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After Election Defeat, Turkey’s Main Opposition Faces Leadership Struggle

It only took a week for cracks to be opened within Turkey’s main opposition Republican People’s Party (CHP) after June 24 elections, which ushered in a new era for Turkey and plunged the opposition into a state of disarray as their hard-won election alliance crumbled this week.

Failing to live up to expectations, the CHP has found itself in the midst of an intra-party squabble in the aftermath of the election. Presidential candidate Muharrem Ince called for a new party congress to decide the future of the party, only to face swift rebuke from party stalwarts and the leadership.

CHP Chairman Kemal Kilicdaroglu snubbed him for divulging details of their private meeting with media this week. A full-blown leadership struggle came to public view amid emerging fissures and divisions within the party.

CHP spokesperson Bulent Tezcan said the party is consumed with debates playing out in media regarding a new possible congress. In the latest contest this February, Kilicdaroglu preserved his post against Ince who challenged the CHP leader’s longstanding grip over the party.

“What we are observing right now is a power struggle within the CHP but this struggle is certainly a useless political game as a regime change has already taken place in Turkey after the June 24th “elections,”” said Kemal Silay, Professor of Turkish Studies at the School of Global and International Studies in Indiana University.

“My prediction is that Mr. Erdogan will run the country as he sees fit for the rest of his life with no other mechanism to exert checks upon his decisions,” Professor Silay told Globe Post Turkey

“All other political parties and a symbolic parliament will still exist but Mr. Erdogan will make their existence simply irrelevant through his already established Sultanic decrees,” he said, offering a bleak assessment of the future of the political affairs in Turkey.

On Wednesday, Turkey’s Supreme Election Council (YSK) released official results. President Recep Tayyip Erdogan won the presidential election with 52.59 percent of the votes, garnering more than 26 million votes against his main contender Ince.

The CHP candidate received only 30.64 percent of the entire votes after an inspiring and eye-catching campaign period. According to many observers, Ince quite well performed both on his campaign trail and at the ballot box, expanding the traditional reach of CHP well beyond 25 percent, the usual figures that the main opposition party normally gets. Parliamentary elections revealed a glaringly dismal picture for the CHP, which saw its votes declined to 22.64 percent.

But the opposition parties’ and CHP’s expectation for a runoff in the presidential contest found to be misplaced, with Erdogan securing the vote in the first round, thanks to an alliance with the Nationalist Movement Party (MHP). The electoral alliance forged by the opposition parties, on the other hand, came to a dramatic end this week.

What defines the nature of the recent rift within the CHP is the gap between Ince’s higher performance than the party. A number of lawmakers were quick to call the resignation of incumbent CHP leader Kilicdaroglu after another poor performance in an election.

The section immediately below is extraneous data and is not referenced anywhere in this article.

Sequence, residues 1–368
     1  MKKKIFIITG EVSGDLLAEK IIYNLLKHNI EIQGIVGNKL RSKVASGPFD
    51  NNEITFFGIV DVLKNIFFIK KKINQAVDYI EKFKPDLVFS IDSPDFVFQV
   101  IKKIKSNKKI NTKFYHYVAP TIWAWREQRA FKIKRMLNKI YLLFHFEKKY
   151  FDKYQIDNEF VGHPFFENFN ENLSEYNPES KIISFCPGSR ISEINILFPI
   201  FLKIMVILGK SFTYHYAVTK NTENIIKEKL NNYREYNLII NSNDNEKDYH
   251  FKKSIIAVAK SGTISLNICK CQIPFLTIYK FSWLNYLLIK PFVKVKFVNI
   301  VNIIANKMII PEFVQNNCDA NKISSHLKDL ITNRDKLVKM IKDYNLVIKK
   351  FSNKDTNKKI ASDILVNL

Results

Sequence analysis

Lawmaker Eren Erdem was one of the first figures to address the discrepancy regarding Ince’s personal success at the partial level, and the CHP’s underperforming in parliamentary elections.

“My take on the situation within the CHP is that the conflict is between the established “old guard” of the party–the traditional Kemalists–and a newer, perhaps younger cohort who wants more dynamism and a more coherent approach to opposition to the AKP and Erdogan,” said Kim Shively, Professor of Anthropology in Kutztown University.

She thinks that Kilicdaroglu has lacked charisma and has not led a very effective opposition (the CHP’s share of the vote has fallen, not risen over the 8-year period of his leadership). 

“I think many CHP members would like someone new and someone with the charisma and political instincts of Ince,” she told Globe Post Turkey, reflecting an emerging consensus about the wide reception of Ince as an energetic politician who can fire up the party base.

As the party devolved into an intra-party squabble, Ince moved to play down the rancor of the recent days. “There is no fight, but winds of change,” he said on Friday.

Ince succeeded to invigorate his party base and drew millions of people in the western province of Izmir and Istanbul in the last days of his campaign. Still, his prospects and future are not free of challenges or scars after an election night debacle when he refused to appear in front of cameras to concede the defeat at a press conference.

His retreat and long disappearance, unprecedented in the tradition of Turkey’s elections, generated controversy and created a buzz in social media about his whereabouts. His late repudiation of the claims that he faced threats from Erdogan only aroused further suspicion.

The new executive presidential system will take effect next week, with President Erdogan, the strongest figure in modern history since Ataturk, preparing to swear in a ceremony. In the new system, Parliament has no longer an efficient capacity or power to keep a check on the presidential office.

And the CHP, the largest opposition party in Parliament, appears to be in disarray, with leadership struggle on full display. It remains to be seen how the party would weather the latest disorder and intra-party rift.

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